The impactful reach of Homeboy Industries stretches far beyond the city limits of LA now, too. In 2014, Homeboy Industries launched the Global Homeboy Network. Just five years later, over 400 organizations around the world are part of Homeboy and share its core mission of giving hope and help to the marginalized communities who have been ravaged by gang violence and mass incarceration.

Whether you’re in LA and utilizing Homeboy’s Bruno St. headquarters or seeking the assistance of one of the more than 400 branches of the Global Homeboy Network, you’ll find someone who wants to help you overcome your past.

Homeboy offers career training, parenting courses, anger management, mental health resources, legal assistance, tattoo removal, and a wide range of other services to the men and women that want help. Because if someone really wants the assistance, Homeboy will do better than meeting that person halfway, Co-Director of Navigation and Case Management Steve Avalos told me. They’ll go all the way to meet them.

I spoke with Avalos, who walked through Homeboy’s doors in search of that helping hand himself, about the immense impact their organization has on the community and their unique approach to breaking the cycle of recidivism.

“It all starts with healing,” he told me. “The people who walk through the door may be seen as violent gang members with lots of tattoos but what people don’t see is somebody who’s broken and hurt.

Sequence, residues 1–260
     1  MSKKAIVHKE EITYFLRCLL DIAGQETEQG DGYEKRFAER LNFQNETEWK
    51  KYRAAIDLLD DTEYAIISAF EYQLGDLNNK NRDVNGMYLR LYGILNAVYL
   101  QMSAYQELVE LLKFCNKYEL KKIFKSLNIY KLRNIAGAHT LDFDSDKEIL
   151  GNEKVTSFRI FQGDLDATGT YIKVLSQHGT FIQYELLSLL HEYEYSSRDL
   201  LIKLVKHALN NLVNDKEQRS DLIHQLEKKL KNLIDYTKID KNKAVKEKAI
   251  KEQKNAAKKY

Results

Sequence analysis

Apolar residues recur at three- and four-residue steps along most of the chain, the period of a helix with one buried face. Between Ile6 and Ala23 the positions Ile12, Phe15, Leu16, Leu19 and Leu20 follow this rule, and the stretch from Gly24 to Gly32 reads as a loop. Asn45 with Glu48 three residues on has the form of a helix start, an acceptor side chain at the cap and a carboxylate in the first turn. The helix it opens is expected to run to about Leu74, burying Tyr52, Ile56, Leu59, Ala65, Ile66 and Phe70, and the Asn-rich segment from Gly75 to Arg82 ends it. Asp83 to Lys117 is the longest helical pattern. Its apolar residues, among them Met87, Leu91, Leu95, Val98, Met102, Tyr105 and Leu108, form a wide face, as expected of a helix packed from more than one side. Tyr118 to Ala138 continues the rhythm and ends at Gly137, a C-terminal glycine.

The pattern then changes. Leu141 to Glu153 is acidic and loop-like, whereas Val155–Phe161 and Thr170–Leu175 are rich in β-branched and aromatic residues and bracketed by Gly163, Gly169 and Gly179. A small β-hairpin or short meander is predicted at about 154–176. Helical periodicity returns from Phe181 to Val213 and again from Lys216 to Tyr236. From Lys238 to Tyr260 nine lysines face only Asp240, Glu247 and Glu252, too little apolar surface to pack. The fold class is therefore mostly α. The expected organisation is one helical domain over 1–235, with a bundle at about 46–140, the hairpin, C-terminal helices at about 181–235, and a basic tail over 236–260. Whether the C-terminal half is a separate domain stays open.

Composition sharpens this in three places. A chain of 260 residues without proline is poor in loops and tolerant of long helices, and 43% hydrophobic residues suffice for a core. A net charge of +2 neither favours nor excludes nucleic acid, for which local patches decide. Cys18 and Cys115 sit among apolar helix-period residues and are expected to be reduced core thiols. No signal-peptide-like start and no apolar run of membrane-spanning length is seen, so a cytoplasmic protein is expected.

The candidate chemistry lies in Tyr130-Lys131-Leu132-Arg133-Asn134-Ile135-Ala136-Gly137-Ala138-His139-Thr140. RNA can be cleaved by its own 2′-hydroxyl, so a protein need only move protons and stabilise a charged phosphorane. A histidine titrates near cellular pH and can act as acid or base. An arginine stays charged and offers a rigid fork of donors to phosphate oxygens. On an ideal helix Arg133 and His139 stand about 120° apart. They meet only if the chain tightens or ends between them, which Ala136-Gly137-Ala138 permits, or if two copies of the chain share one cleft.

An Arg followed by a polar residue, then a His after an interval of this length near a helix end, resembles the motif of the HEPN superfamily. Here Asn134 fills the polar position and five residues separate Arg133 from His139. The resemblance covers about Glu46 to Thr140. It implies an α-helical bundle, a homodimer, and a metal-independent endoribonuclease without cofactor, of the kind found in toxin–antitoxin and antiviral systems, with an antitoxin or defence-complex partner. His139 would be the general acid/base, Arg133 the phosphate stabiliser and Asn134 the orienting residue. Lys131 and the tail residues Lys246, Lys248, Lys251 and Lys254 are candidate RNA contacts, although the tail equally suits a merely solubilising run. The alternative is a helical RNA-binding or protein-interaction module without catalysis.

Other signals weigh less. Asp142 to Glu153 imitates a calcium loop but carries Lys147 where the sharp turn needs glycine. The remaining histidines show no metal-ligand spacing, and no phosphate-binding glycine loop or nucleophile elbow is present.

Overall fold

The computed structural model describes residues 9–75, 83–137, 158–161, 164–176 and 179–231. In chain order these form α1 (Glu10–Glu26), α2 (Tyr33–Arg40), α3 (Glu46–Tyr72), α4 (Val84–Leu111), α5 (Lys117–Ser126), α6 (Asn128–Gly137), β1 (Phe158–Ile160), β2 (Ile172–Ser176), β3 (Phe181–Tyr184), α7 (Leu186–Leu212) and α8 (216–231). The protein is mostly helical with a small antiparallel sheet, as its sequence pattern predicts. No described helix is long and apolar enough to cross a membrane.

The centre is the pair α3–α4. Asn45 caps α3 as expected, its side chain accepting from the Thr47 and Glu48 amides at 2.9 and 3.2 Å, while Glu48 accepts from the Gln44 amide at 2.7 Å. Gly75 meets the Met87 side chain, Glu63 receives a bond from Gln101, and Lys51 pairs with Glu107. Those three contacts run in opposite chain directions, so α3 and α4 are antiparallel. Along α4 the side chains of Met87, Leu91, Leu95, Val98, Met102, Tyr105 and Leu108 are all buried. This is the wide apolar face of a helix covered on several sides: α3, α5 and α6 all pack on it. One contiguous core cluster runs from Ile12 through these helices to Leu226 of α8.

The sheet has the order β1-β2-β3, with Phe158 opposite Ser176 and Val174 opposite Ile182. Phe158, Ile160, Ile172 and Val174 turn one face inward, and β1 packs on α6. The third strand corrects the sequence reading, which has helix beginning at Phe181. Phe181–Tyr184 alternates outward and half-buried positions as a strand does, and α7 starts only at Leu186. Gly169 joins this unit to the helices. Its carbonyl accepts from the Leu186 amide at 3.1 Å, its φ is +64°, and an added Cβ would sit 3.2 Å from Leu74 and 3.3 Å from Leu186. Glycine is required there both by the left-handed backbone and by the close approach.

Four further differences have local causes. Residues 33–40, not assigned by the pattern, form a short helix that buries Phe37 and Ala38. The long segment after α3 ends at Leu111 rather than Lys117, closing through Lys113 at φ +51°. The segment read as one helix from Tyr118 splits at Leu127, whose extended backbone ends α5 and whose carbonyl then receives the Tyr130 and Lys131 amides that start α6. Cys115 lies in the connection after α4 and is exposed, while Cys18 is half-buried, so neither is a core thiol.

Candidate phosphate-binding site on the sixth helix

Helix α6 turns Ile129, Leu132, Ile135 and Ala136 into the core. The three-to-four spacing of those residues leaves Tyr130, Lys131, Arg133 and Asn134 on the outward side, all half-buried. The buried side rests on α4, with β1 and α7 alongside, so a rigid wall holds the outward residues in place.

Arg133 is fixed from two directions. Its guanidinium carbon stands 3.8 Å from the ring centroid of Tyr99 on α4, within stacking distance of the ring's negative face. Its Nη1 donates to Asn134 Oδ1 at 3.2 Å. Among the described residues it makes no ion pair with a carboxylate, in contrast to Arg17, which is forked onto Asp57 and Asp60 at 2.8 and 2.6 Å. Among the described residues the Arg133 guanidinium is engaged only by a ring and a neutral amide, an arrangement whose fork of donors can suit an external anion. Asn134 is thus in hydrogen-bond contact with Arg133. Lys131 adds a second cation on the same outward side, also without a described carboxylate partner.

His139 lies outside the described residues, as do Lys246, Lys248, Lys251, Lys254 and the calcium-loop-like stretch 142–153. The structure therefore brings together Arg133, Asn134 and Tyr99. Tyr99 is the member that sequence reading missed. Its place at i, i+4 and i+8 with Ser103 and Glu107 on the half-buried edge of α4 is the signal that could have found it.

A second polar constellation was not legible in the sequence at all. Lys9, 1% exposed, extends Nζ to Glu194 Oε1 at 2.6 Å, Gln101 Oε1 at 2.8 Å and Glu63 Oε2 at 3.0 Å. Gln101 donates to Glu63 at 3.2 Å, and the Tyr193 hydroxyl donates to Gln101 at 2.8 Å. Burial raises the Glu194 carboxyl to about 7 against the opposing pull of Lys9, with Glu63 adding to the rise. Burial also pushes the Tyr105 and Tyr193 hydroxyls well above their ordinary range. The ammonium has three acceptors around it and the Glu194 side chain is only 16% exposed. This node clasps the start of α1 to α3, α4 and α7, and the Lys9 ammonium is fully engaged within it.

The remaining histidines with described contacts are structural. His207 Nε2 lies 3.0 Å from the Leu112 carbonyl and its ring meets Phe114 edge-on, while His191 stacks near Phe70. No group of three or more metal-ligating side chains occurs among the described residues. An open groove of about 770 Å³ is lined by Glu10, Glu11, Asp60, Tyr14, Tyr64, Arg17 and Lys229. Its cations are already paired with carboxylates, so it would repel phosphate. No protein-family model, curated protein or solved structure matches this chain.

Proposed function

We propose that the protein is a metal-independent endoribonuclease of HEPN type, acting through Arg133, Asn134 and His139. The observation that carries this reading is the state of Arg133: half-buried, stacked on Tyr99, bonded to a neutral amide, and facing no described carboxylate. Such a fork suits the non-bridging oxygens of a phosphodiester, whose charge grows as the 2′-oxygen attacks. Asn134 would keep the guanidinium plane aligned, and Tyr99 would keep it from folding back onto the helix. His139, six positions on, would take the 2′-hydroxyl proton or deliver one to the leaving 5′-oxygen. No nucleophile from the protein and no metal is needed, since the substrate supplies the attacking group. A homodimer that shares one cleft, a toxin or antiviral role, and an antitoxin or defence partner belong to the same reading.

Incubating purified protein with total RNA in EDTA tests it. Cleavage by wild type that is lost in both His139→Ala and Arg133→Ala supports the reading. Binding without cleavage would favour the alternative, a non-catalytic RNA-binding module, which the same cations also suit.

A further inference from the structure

Homeboy Industries employs about 15 therapists full-time, while many more donate their time and services to help with that healing. And once a person has begun to heal, they can turn over a new leaf. Homeboy offers a long list of no-cost services to help “homies” rebuild their lives from the ground up, whether that means legal services or healthcare.

“We provide services for everyone for free,” Avalos explained. “Say, for instance, someone comes in and says, ‘I got a job and I really want it but there’s a tattoo on my face or neck I got when I was younger and it’s holding me back.’ We’ll remove them for free. If someone comes in here and says, ‘I’ve been doing good but I don’t have my papers.’ We have lawyers right here that can help them get their social security card or get all of their tickets expunged so they can get their drivers license. We have a GED program, a high school diploma program. These are things that we provide to the whole community. There are thousands of people that want to change, you don’t have to force people to change. They come through the door and we ask if they’re ready to quit gangbanging, if they’re ready to put family first, to put themselves first. People want it.”